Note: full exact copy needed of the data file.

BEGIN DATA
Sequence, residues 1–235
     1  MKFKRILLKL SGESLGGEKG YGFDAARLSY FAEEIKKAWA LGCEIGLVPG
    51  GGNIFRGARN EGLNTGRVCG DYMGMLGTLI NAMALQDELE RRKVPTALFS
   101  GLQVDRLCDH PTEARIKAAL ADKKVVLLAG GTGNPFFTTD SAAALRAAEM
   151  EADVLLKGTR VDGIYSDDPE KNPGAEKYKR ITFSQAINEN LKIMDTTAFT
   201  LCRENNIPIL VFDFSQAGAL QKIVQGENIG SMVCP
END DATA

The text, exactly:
Sequence, residues 1–235
     1  MKFKRILLKL SGESLGGEKG YGFDAARLSY FAEEIKKAWA LGCEIGLVPG
    51  GGNIFRGARN EGLNTGRVCG DYMGMLGTLI NAMALQDELE RRKVPTALFS
   101  GLQVDRLCDH PTEARIKAAL ADKKVVLLAG GTGNPFFTTD SAAALRAAEM
   151  EADVLLKGTR VDGIYSDDPE KNPGAEKYKR ITFSQAINEN LKIMDTTAFT
   201  LCRENNIPIL VFDFSQAGAL QKIVQGENIG SMVCP